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Mark Sanchez plays Monday Afternoon Quarterback after bad loss in Seattle

FLORHAM PARK, N.J. -- Mark Sanchez normally isn't available to the media on Mondays, but coming off the second offensive shutout of the season, the Jets' quarterback made an exception Monday. Sanchez called the red-zone interception he threw in the Jets' 28-7 loss to the Seahawks a "rookie move" and said he "fell short."

But the most important words about his recent play might have come out of Seattle, where Seahawks coach Pete Carroll, who coached Sanchez at USC, was interviewed Monday on a local radio station. He laid the blame for Sanchez's decline on the two-quarterback system the Jets are using with Tim Tebow running the Wildcat offense.

"I think he's in a very difficult situation," Carroll said of Sanchez. "The whole emphasis of the two-quarterback thing is really hard. You saw it [Sunday]. It didn't get much for them. It's got to be a little bit disruptive. I feel for him."

Carroll called the Wildcat a "distraction" that is "confusing" to Jets fans. "It's mixed signals that go out," he said.

When Carroll's comments were mentioned to Sanchez, who spoke to the media at the Jets' practice complex in a teleconference, he said, "He's been around the game for a long time, so I respect his opinion. But it's on my plate, and it's my job to deal with it and I know I can handle it."

Sanchez called the Wildcat a "non-issue" that doesn't cause him to worry about his job. On the other hand, he didn't exactly give it a ringing endorsement.

Asked if the Wildcat is impacting the consistency of the regular offense, Sanchez referred the matter to offensive coordinator Tony Sparano.

"Uh, I don't know about that," Sanchez said. "At times, it's looked good. I think it got us a couple first downs yesterday. I'll defer to coach Sparano on that. It's really his call."

During his news conference, coach Rex Ryan reaffirmed his support for Sanchez as the starter when asked if he thought a change to Tebow might spark the Jets. But he wasn't willing to go the other way and scrap the Wildcat in favor of more consistency from Sanchez.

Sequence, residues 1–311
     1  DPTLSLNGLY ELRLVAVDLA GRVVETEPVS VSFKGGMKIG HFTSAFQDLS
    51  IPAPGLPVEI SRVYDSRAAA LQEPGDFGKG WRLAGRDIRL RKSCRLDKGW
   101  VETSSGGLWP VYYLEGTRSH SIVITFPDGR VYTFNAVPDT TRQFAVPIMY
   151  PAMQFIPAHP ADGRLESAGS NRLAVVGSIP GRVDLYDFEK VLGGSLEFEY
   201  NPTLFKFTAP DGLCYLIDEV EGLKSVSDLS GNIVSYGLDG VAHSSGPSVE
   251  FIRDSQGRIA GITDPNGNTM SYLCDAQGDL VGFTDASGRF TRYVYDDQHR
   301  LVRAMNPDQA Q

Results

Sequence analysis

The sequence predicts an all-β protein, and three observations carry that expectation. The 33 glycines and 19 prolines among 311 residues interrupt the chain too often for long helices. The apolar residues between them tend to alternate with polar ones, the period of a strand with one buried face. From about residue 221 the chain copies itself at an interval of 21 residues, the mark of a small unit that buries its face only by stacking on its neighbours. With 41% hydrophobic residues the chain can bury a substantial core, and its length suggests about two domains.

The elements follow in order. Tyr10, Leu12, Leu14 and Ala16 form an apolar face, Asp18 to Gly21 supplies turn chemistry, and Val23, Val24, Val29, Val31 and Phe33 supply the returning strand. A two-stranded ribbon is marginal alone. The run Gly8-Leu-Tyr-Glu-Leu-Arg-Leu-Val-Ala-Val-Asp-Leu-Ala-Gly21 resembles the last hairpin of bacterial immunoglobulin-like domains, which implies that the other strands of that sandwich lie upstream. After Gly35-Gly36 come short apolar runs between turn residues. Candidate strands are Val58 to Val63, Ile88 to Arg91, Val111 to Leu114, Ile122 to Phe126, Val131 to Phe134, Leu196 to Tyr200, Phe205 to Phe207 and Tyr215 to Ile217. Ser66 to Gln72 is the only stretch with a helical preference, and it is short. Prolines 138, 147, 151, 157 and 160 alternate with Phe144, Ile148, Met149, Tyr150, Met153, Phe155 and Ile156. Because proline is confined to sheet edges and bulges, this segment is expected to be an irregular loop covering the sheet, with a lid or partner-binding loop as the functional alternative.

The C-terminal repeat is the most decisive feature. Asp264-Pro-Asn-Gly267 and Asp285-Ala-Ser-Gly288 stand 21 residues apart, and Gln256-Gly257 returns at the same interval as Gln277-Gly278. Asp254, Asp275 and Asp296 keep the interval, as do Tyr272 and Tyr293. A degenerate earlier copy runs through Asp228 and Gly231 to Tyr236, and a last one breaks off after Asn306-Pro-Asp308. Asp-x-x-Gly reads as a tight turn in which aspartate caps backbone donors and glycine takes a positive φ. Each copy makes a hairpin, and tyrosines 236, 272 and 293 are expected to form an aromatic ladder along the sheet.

Ryan said the Wildcat "is part of what we do . . . We missed a few things execution-wise, and that was disappointing."

For the most part, Ryan blamed "self-inflicted wounds" for his team's poor offensive performances. Except for impressive wins against Buffalo and Indianapolis, the Jets' offense has produced a total of six touchdowns in the other seven games. Sanchez's completion percentage is a career-low 52.0 percent after three seasons of steady improvement.

It was suggested to Sanchez he might be putting pressure on himself to do more with fewer snaps and, therefore, forcing plays. "Uh, I don't know if that's why I made a couple bad decisions," Sanchez said. "Sometimes, you try to do too much, and that's where you can get in trouble."

After reviewing the game tape, Sanchez said it still came down to an interception he threw at the goal line with the game tied and a sack and fumble that led to Seattle's final touchdown. Explaining his decision to address the media on a Monday, Sanchez said, "I wanted to make sure I was available to speak for the offense and for my mistakes."

Having offered his mea

culpa, Sanchez then explained why he remains the Jets' best quarterback option. "I think this team knows that they have faith in me that I can make the throws, make the reads and make the right decisions with the football," Sanchez said. "I'm just not a self-doubter. I'm more confident than anybody. You've got to try and improve and know you're the best guy."


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